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I’ve led worship in a number of evangelical contexts for the better part of 24 years. It’s a responsiblity that I’ve loved because of my love of music and those occasional moments of corporate transcendence.

But there are some aspects that have troubled me over the years.

1. “Worship” feels like a misnomer

This one feels like a no-brainer, right? Worship is more than singing songs. As Paul tells the church at Rome,  worship is about presenting ourselves to God as living sacrifices (Rom. 12:1). It’s the difference between having devotions and being devoted.

Is there a danger in referring to church singing as “worship?” Maybe not . . . but as a writer who toils under the conviction that words matter, I have to wonder.

Like I said, I love music. Singing is a significant way for me to express myself to God. But not everyone feels the same way. If singing songs didn’t do a lot for me and I usually heard the word “worship” within the context of church music, I wonder how It would color my view of worship. It didn’t seem like a good idea to marry such an important concept to one activity, especially one that’s so preferential.

I mean, if I found out that heaven meant standing around singing Chris Tomlin songs for eternity, I’d dread it.

Shouldn’t corporate worship have so many facets and expressions that there’s something there that resonates with everyone? When we do this one act and almost exclusively and call it worship, are we inoculating people against true worship?

2. It can be scripted and manipulative

My longest worship leading tenure was in a Foursquare church where I led for over 10 years. Being a more charismatic church, there was an expectation that worship would be an exciting event. I was constantly looking to help facilitate a more emotional experience.

I don’t necessarily look down on that—at times, I really enjoy it. The thing is that, eventually, I could create it.

Once you know what the types of songs your congregation loves, the things they respond to, and how to lead them from one place to the next, it becomes a sort of science.

I could map out the ideal worship service with its smoldering intensity and rising crescendo, and with great precision tell you what would occur where—down to the exact moment when John would speak out loudly in tongues (and then interpret himself) or Mary would stand up to dance. (Someday, I’ll write about that . . .)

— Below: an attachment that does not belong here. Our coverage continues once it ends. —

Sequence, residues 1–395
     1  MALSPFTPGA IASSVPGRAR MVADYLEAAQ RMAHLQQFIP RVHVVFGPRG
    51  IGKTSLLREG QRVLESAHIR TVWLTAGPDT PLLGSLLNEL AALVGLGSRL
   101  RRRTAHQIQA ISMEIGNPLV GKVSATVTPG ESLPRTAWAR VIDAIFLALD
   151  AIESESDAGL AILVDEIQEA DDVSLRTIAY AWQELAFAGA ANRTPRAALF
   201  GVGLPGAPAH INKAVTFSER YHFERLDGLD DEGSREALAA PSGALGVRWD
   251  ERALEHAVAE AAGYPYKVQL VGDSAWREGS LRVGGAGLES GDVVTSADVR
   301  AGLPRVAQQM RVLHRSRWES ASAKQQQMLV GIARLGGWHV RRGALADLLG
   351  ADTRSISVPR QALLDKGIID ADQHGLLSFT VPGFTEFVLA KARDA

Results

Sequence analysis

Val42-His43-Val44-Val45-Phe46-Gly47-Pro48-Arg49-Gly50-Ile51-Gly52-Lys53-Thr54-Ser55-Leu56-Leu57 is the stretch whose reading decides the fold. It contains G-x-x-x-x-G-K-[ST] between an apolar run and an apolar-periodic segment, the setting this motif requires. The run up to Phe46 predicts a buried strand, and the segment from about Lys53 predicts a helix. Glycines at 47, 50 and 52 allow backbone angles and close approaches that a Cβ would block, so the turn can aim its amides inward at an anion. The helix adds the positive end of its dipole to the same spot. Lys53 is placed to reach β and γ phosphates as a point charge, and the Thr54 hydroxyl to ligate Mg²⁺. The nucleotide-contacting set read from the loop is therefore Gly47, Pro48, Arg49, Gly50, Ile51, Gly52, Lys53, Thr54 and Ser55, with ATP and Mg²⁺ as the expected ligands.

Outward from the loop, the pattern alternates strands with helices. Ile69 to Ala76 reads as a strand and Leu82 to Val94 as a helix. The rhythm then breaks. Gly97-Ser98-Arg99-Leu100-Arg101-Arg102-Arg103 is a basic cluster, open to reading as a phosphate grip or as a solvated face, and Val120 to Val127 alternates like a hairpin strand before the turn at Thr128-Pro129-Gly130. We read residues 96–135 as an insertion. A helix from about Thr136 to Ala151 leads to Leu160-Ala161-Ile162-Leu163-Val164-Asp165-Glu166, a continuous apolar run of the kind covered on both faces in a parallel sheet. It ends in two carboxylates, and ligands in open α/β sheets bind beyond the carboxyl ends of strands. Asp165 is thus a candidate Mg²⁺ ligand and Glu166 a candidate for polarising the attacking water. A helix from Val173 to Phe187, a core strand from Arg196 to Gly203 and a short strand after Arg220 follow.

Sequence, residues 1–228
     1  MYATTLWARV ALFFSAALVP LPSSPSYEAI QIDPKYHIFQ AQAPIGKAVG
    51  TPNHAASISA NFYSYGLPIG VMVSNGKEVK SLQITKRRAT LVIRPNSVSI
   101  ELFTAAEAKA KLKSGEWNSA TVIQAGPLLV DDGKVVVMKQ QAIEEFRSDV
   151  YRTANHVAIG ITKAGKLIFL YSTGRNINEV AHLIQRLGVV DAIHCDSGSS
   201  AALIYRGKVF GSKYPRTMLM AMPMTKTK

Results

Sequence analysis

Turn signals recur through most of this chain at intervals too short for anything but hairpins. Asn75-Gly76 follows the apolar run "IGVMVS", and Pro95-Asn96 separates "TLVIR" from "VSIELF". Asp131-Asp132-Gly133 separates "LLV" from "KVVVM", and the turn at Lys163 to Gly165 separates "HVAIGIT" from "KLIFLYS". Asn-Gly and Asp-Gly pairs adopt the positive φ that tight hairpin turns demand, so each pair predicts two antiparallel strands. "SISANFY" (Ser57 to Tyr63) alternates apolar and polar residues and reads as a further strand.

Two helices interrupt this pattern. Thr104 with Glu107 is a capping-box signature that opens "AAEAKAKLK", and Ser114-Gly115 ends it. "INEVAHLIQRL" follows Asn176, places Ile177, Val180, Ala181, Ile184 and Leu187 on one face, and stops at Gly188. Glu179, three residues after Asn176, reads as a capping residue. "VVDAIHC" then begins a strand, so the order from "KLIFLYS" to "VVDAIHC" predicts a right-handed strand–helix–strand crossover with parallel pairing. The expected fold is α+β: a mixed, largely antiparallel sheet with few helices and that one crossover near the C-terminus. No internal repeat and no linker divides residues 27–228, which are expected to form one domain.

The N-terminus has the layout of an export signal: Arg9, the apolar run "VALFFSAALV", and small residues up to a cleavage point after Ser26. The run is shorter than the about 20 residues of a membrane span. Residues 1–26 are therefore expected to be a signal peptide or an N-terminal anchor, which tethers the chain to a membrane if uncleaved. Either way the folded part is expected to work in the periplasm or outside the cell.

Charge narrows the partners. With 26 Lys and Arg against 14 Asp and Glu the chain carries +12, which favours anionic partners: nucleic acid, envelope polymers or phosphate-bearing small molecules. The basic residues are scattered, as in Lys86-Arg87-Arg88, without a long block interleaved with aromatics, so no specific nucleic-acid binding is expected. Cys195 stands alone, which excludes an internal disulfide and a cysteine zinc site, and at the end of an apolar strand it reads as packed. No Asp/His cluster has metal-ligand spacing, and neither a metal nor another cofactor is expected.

Again, there’s nothing ultimately bad about discerning the rhythms and preferences of the people you lead. But there’s a point where you begin to wonder if we’d really notice if the Holy Spirit was present—or not.

Music is a powerful tool and rhythm, harmony, and melody have been used by many cultures and religious groups to work people into frenzies or initiate a meditative consciousness. We need to recognize the emotional impact music has on people—apart from its lyrical content, and how easily it can be manipulated.

It’s weird. When someone comes to me after a service to tell me how powerful a worship service was, it’s usually an emotional response to the music—and sadly, It’ll often be the response I planned when I chose to put specific songs together.

3. We don’t value honesty

One of my pastors had come out of the seventies-era Jesus-people movement—kind of the Christian Haight-Ashbury. This was a formative and powerful time in his life and an important part of that was the upbeat, feel-good music that accompanied it.

I was always more of a melancholic, and tend to be moved by songs that were a little more introspective. The pastor and I would meet every Monday morning, and he’d often express his frustration about my navel-gazing worship style. He wanted it to be upbeat and joyful . . . all the time.

If we look at the Psalms as a book of Old Testament hymns, we’ll quickly notice that at least 40% of those hymns are laments. Obviously, the Psalms are so much more than that . . . but they are often expressions of worship. And these expressions have moments of extreme despondency and frustration—sometimes they communicate horrible, horrible sentiments.

This tells me that God values expression that is honest (even when it’s ugly). In fact, I don’t think we can be truly worshipful unless we’re also recklessly transparent. But so much of our modern worship has one (often phony) tone. It creates this cognitive dissonance that tells us we need to stuff our true feelings and manufacture sunshine-happy-rainbow ones.

Some other worship questions

There are other aspects that I find occasionally struggle with:

  • Shallow or theologically spurious lyrics
  • Performance that can be a spectator sport
  • The tendency to be its own rote liturgy (one song, greeting, three songs, offering, message, song, and we’ll see you next week folks)

As an worship leader, I feel we have often elevated music over many other important corporate activities. There are many biblical injunctions to sing to the Lord and I love that we do, but why do so many evangelical churches offer communion so irregularly? I know churches that struggle to do it even once a quarter.

How often do we take the time to corporately pray for each other? There are many ways to facilitate prayer into our services. Why do all of these other explicit commands take a back seat to singing songs in church?

Don’t get me wrong. I get a lot out of both leading and engaging in music as worship. These issues represent some of the questions I’ve wondered about for the many years that I’ve done it.

So tell me what you think. Am I out to lunch? Could (should) we be doing this differently? Leave me a comment and let me know what you think.